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Talad Noi, meaning small market, is sure to capture the hearts of all who visit this less-frequented area of Bangkok. Despite its seemingly deceitful name, Talad Noi is actually a riverside community filled with unique finds around every corner. Each alleyway will have visitors weaving through relics certainly rare for a large city such as Bangkok. Those who want to explore off the beaten path should add this seemingly ancient neighborhood to their itinerary. Here is everything you need to know about Talad Noi.
The Chinese community in Bangkok first settled east of the Chao Phraya River in 1782. They were later moved by King Rama I when he relocated the capital city. This area became known as the official Chinatown of Bangkok.
Talad Noi is an area that sits amongst Bangkok’s Chinatown. Though Yaowarat Road remains Chinatown’s most prized possession, Talad Noi is just as unique and (thankfully) less crowded with locals and tourists alike. Visitors will start their journey of this neighborhood at Hua Lamphong, the main train station in the city.
Wat Traimit is on the way to Talad Noi from the train station. Those visitors who have yet to lay eyes on the Golden Buddha at this temple should make a quick pit stop here before continuing to Talad Noi. The Sukhothai-style Buddha weighs about 5.5 tons and is a magnificent sight, even for those tourists who consider themselves “templed out.” There is a ฿40 (US$1.16) entrance fee to see the Buddha.
Chinese culture is still deeply rooted in the everyday lives of those who reside here. From the architecture to the food, one will find that their heritage shines through in many different ways.
Visitors should make a quick pit stop at Chùa Khánh Vân, a small temple found on the outskirts of the neighborhood. On maps, it shows up as Wat Uphai Ratbamrung.
Piles upon piles of seemingly useless junk lines the roads in Sarn Chao Sieng Kong, otherwise known as the Sieng Kong Zone, found in Talad Noi. This stretch of road is home to an abundance of old car parts; indeed, it’s the largest area in the city known for selling these used relics.
Forgotten cars and Vespas are found amongst the parts, patiently waiting to be fixed but will probably be left there to rot. The area is incredibly fascinating and laid-back, with some workers not even bothering to wear safety glasses as they take to their welding.
Wat Pathumkongka temple sits just adjacent to Sarn Chao Sieng Kong. Gold-colored Buddhas adorn its rectangular exterior, and a number of glistening white stupas occupies its grounds. The two main structures are tall and glistening in Bangkok’s sun, with striking and colorful rooftops.
The most street art one sees in Bangkok is a hodgepodge of graffiti, and Talad Noi has an entire quaint alleyway spotted with this artwork. Pass under the archway that says Trok San Chao Rong Kueak, and explorers will stumble upon some Chinese street art. From a black bicycle to an umbrella, visitors will definitely want to pause their explorations for a photograph or two.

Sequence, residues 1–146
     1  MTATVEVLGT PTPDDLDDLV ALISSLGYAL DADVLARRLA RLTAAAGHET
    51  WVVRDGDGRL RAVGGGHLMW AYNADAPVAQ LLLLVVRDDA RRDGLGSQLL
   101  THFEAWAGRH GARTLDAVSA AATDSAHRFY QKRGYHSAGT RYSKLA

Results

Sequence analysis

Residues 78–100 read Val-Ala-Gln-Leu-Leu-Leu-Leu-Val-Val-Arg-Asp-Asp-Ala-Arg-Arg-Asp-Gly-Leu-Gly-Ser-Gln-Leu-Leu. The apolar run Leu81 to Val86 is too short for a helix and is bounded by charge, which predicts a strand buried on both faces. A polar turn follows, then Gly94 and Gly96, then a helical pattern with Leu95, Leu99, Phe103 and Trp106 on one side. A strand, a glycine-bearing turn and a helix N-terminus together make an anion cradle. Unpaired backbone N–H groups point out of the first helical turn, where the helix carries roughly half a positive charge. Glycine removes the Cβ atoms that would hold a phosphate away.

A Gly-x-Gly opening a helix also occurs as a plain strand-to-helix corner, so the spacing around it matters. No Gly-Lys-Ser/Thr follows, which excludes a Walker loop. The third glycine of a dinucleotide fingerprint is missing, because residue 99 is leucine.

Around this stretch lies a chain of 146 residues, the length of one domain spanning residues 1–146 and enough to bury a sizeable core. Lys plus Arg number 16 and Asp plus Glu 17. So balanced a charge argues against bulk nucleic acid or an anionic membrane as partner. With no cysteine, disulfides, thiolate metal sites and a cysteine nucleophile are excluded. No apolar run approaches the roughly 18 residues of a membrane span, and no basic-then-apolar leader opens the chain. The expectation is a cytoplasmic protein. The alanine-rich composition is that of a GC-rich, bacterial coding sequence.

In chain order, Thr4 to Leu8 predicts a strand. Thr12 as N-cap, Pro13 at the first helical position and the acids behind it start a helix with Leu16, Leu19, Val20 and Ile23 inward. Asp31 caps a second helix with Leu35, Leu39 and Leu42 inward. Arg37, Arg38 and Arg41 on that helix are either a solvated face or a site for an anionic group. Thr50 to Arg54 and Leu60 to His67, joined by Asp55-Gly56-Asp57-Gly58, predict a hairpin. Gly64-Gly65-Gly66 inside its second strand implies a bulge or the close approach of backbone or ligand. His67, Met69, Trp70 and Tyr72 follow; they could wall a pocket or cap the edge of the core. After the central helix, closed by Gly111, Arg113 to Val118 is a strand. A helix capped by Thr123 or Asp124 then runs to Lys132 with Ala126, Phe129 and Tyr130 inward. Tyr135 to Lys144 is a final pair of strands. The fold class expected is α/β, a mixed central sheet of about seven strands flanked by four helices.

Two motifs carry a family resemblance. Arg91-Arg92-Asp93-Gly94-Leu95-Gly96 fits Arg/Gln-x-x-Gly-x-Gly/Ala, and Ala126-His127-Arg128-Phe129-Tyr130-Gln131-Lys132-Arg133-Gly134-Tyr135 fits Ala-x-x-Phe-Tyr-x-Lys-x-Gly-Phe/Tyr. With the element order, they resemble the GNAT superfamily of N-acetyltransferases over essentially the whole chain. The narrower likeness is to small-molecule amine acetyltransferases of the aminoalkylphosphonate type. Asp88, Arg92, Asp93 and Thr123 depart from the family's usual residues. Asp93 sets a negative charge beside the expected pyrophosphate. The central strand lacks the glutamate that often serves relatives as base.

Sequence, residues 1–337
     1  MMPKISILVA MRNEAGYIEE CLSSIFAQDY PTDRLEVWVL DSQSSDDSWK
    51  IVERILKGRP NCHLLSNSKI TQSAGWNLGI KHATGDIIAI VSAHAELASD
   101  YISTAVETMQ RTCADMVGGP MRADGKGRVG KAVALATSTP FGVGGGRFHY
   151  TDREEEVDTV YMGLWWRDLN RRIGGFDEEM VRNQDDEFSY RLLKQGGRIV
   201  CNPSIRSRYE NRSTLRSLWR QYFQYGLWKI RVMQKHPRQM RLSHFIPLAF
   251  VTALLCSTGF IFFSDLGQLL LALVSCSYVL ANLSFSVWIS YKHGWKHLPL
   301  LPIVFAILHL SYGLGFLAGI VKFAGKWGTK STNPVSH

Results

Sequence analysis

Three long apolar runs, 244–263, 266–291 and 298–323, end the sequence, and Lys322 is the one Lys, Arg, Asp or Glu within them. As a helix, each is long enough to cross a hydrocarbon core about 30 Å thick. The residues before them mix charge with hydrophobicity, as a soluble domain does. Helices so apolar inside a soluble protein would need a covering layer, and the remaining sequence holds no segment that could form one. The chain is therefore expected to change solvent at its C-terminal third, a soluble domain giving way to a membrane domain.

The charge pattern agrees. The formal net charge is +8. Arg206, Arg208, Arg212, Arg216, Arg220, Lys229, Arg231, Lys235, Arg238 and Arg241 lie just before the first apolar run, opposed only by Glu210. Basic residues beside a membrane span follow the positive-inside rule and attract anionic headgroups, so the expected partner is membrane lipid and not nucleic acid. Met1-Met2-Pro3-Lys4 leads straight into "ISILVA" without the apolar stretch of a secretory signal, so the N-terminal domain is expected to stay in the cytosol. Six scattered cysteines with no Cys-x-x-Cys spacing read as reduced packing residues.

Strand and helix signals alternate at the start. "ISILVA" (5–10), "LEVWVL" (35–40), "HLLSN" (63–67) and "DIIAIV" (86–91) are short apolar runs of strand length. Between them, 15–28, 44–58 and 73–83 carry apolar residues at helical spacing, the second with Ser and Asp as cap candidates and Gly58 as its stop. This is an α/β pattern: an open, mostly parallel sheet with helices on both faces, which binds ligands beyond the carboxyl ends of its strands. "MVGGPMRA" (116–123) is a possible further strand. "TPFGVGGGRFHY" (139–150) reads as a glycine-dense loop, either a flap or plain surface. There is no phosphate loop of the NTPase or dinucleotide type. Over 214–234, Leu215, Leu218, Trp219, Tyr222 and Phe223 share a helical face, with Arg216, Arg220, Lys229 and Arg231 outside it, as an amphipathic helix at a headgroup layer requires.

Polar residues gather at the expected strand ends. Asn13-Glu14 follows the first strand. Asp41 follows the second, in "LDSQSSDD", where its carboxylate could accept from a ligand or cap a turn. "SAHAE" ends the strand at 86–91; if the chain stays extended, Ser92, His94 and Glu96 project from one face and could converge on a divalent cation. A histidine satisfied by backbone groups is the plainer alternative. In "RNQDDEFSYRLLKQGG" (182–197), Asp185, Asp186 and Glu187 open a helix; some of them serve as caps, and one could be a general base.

It is down this alleyway that visitors will also come across Hon Wong Kung Shrine. It sits right along the river’s edge, and during the day, it seems abandoned. It is bright red in color, with gold Chinese writing and faded murals making up its exterior.
The alleyways and sois (streets) in Talad Noi exude Chinese charm. Visitors will find several Chinese confectionery shops, which are brimming with seemingly strange yet delicious treats. Many Chinese people believe that sweetness equals happiness, thus the number of traditional Chinese bakeries found in this area.
The Siam Commercial Bank sits just adjacent to the street filled with Chinese eats and street vendors. It is one of the oldest banks in Thailand and opened in the early 1900s. Set on emerald green grounds and sitting next to the river, this bank is certainly one of the most picturesque in the city.
There once was a large Roman Catholic Portuguese community living in Talad Noi after the city of Ayutthaya fell. They built a church here after King Rama I gave them land during the Rattanakosin period. The church, called the Kalawario at the time, was completed in 1787. The Portuguese slowly began to move out of this area, however, and it became mostly used by the Chinese community who resided here.
The Kalawar Church today, however, is not the same one built in 1787—the old one burnt down. A new one was constructed in 1897 during the King Rama V era and is still here today. It is made up of gothic architecture and decorated with colorful, stained-glass windows. The church on the map is listed as the Holy Rosary Church.
From the far-off Wat Arun to the Kalawar Church, River Vibe Restaurant and Bar in Talad Noi has some pretty incredible views of the capital. This restaurant is one of the best places in the area to stop for a bite to eat or a riverside cocktail. The décor is homely at best, but the restaurant makes up for its lack of luxury dining with its charm and delicious food. The lunch and dinner menu is chock full of Thai and European dishes for relatively reasonable prices. The pomelo salad with shrimp and this incredible view will only cost customers ฿150 (US$4.35).
After exploring this area on foot and in Bangkok’s unforgiving heat, one of the best ways to end a day in Talad Noi is by stopping by River City Bangkok. This shopping arena features classic and good quality Thai souvenirs, unlike what visitors will find at many of the markets in town. It is indoors and chilly, with air conditioning cooling explorers off after a long day in the sun. Those who still want to check out Talad Noi but refuse to do so on foot should look into the Co Van Kessel Bangkok Tours in this area. The employees are all super friendly and well informed about the area.